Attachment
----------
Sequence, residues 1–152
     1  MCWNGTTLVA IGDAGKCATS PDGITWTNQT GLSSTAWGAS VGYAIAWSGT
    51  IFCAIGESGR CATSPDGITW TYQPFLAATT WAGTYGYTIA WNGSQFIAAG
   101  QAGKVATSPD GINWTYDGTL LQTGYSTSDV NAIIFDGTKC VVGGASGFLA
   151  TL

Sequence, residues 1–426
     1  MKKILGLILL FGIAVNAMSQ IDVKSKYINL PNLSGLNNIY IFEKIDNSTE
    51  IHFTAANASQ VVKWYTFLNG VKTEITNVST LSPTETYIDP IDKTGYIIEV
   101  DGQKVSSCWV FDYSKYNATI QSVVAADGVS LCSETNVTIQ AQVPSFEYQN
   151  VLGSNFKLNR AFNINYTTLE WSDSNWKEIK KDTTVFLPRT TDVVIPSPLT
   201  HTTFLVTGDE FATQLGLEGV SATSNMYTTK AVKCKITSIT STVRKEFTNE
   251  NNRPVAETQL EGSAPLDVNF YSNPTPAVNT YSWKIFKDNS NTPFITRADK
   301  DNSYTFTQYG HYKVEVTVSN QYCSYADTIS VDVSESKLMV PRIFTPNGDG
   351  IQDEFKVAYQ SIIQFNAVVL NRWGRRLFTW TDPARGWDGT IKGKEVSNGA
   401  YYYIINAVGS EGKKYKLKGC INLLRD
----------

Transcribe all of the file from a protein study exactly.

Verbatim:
Sequence, residues 1–152
     1  MCWNGTTLVA IGDAGKCATS PDGITWTNQT GLSSTAWGAS VGYAIAWSGT
    51  IFCAIGESGR CATSPDGITW TYQPFLAATT WAGTYGYTIA WNGSQFIAAG
   101  QAGKVATSPD GINWTYDGTL LQTGYSTSDV NAIIFDGTKC VVGGASGFLA
   151  TL

Sequence, residues 1–426
     1  MKKILGLILL FGIAVNAMSQ IDVKSKYINL PNLSGLNNIY IFEKIDNSTE
    51  IHFTAANASQ VVKWYTFLNG VKTEITNVST LSPTETYIDP IDKTGYIIEV
   101  DGQKVSSCWV FDYSKYNATI QSVVAADGVS LCSETNVTIQ AQVPSFEYQN
   151  VLGSNFKLNR AFNINYTTLE WSDSNWKEIK KDTTVFLPRT TDVVIPSPLT
   201  HTTFLVTGDE FATQLGLEGV SATSNMYTTK AVKCKITSIT STVRKEFTNE
   251  NNRPVAETQL EGSAPLDVNF YSNPTPAVNT YSWKIFKDNS NTPFITRADK
   301  DNSYTFTQYG HYKVEVTVSN QYCSYADTIS VDVSESKLMV PRIFTPNGDG
   351  IQDEFKVAYQ SIIQFNAVVL NRWGRRLFTW TDPARGWDGT IKGKEVSNGA
   401  YYYIINAVGS EGKKYKLKGC INLLRD